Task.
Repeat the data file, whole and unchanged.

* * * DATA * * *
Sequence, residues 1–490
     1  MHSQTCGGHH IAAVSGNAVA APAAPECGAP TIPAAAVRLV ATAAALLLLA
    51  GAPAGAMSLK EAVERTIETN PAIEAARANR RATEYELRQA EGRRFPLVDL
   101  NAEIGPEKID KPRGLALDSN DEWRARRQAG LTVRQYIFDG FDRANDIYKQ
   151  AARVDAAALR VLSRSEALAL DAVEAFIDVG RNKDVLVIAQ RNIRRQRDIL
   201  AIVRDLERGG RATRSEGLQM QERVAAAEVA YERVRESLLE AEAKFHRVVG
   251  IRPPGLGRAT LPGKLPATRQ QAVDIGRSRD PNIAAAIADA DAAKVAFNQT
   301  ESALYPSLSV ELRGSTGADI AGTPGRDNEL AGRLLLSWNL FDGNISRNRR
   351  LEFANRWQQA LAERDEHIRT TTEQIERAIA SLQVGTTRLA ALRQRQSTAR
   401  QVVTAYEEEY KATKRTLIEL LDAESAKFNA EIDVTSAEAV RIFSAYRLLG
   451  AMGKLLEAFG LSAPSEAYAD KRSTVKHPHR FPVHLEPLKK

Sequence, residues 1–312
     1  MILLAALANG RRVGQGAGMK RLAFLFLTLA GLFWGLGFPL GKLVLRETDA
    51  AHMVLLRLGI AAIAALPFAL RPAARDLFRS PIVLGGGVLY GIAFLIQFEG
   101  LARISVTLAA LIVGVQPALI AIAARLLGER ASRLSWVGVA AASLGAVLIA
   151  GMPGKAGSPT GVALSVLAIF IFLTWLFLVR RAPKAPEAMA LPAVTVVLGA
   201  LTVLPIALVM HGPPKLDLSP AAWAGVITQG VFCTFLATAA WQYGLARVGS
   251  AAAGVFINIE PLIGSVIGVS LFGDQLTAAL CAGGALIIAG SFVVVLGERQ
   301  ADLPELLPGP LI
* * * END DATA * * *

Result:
Sequence, residues 1–490
     1  MHSQTCGGHH IAAVSGNAVA APAAPECGAP TIPAAAVRLV ATAAALLLLA
    51  GAPAGAMSLK EAVERTIETN PAIEAARANR RATEYELRQA EGRRFPLVDL
   101  NAEIGPEKID KPRGLALDSN DEWRARRQAG LTVRQYIFDG FDRANDIYKQ
   151  AARVDAAALR VLSRSEALAL DAVEAFIDVG RNKDVLVIAQ RNIRRQRDIL
   201  AIVRDLERGG RATRSEGLQM QERVAAAEVA YERVRESLLE AEAKFHRVVG
   251  IRPPGLGRAT LPGKLPATRQ QAVDIGRSRD PNIAAAIADA DAAKVAFNQT
   301  ESALYPSLSV ELRGSTGADI AGTPGRDNEL AGRLLLSWNL FDGNISRNRR
   351  LEFANRWQQA LAERDEHIRT TTEQIERAIA SLQVGTTRLA ALRQRQSTAR
   401  QVVTAYEEEY KATKRTLIEL LDAESAKFNA EIDVTSAEAV RIFSAYRLLG
   451  AMGKLLEAFG LSAPSEAYAD KRSTVKHPHR FPVHLEPLKK

Sequence, residues 1–312
     1  MILLAALANG RRVGQGAGMK RLAFLFLTLA GLFWGLGFPL GKLVLRETDA
    51  AHMVLLRLGI AAIAALPFAL RPAARDLFRS PIVLGGGVLY GIAFLIQFEG
   101  LARISVTLAA LIVGVQPALI AIAARLLGER ASRLSWVGVA AASLGAVLIA
   151  GMPGKAGSPT GVALSVLAIF IFLTWLFLVR RAPKAPEAMA LPAVTVVLGA
   201  LTVLPIALVM HGPPKLDLSP AAWAGVITQG VFCTFLATAA WQYGLARVGS
   251  AAAGVFINIE PLIGSVIGVS LFGDQLTAAL CAGGALIIAG SFVVVLGERQ
   301  ADLPELLPGP LI